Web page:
Is a canned drink better for you than having a sit-down breakfast made with real food? If your doctor or dietitian has suggested that you try a meal replacement (the formal name for the shake-in- a can advertised to people with diabetes on all the network television channels and prominently displayed in your local supermarkets and drugstores), you might raise an eyebrow or two.
After all, most of these come in dessert- type flavors such as chocolate and strawberry. And they taste sweet. Surely that isn’t the proper message to be sending to someone with diabetes—instead of having meals you should be gulping sweetened milkshakes to control your diabetes.
No, no one is suggesting that you replace regular meals with the 24 oz. frappes at the local ice cream parlor, but sometimes measured amounts of nutritionally complete shakes can be helpful.
People with diabetes who need to lose weight know what and how much they are supposed to eat, but a lot of physiological and psychological noise gets in the way, leading to continued overeating.
First, there’s hunger. Because their stomachs empty faster than those of the general population, people with diabetes (especially type 2 diabetes) find it difficult to feel sated on a appropriate serving of carbohydrates.
Second, figuring out food choices in the proper combination of protein, fat and carbohydrate can be challenging when you are initially learning how to eat with diabetes. Sometimes it is just so much easier to go with the flow and eat whatever is offered.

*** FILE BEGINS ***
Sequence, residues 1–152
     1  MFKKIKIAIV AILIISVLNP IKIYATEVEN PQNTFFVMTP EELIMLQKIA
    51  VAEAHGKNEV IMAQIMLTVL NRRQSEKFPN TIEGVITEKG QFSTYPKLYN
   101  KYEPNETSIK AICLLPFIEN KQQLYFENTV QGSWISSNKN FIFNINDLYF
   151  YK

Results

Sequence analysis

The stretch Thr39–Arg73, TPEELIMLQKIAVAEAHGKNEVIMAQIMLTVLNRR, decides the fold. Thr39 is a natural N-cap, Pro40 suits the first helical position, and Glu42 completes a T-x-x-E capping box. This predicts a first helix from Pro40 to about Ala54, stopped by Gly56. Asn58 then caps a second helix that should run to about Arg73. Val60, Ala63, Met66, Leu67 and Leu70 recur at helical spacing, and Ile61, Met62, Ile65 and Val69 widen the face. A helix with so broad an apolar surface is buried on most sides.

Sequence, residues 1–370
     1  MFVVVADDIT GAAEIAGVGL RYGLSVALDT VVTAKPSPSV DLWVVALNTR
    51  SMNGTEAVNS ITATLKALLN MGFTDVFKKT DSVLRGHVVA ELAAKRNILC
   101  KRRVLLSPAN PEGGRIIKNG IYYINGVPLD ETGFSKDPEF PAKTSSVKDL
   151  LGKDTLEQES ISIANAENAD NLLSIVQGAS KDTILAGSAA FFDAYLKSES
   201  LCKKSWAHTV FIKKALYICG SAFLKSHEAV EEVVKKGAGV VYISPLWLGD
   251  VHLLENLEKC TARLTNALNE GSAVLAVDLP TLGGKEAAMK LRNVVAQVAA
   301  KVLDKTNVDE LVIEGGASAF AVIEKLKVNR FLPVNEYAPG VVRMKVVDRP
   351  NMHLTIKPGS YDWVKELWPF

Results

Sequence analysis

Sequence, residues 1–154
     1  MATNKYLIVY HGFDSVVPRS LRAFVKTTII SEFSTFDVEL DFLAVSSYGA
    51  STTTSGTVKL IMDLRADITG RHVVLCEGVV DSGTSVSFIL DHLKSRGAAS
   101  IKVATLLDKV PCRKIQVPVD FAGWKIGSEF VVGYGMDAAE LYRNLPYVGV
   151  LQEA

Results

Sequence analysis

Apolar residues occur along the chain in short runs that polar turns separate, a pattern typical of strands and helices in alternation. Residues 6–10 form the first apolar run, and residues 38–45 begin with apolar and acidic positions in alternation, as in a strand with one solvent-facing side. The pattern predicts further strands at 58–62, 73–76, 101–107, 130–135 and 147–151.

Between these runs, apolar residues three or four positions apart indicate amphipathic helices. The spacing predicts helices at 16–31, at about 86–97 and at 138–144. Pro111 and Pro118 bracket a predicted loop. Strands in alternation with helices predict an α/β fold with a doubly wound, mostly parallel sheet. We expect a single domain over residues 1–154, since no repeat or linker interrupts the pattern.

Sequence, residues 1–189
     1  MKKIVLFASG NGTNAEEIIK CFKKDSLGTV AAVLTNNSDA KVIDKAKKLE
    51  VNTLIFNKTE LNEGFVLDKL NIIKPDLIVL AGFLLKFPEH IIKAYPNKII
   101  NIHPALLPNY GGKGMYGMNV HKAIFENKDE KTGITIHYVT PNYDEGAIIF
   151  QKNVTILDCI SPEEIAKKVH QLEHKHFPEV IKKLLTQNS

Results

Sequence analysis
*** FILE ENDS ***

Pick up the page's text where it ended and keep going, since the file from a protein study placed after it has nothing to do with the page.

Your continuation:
In addition, there are the vagaries of everyday life. Preparing a home cooked meal when you have 15 minutes to get the kids breakfast and run a comb through your hair may pre-dispose people to grabbing a muffin and a large latte on the way to the train.
So back to our question.
If you can plan and execute a healthy meal with fiber, healthy fat, a source of lean protein and low glycemic index carbs that tastes good to you, of course that is better than a drink in a can.
But if you need some time to learn what healthful choices are and need a chance to kick start your weight loss, a meal replacement might be just the thing. After all, despite the flavorings, they are portioned control in carb, fat and protein; contain at least 1/3 of your daily micronutrient requirements and generally are lower in calories than a healthful breakfast you would make yourself. And they don’t usually raise your blood glucose level.
And clinical research is on their side- studies have shown them to be useful in achieving weight loss. Maybe, they should make them in flavors such as roast chicken and quinoa and broccoli. (Just a thought!)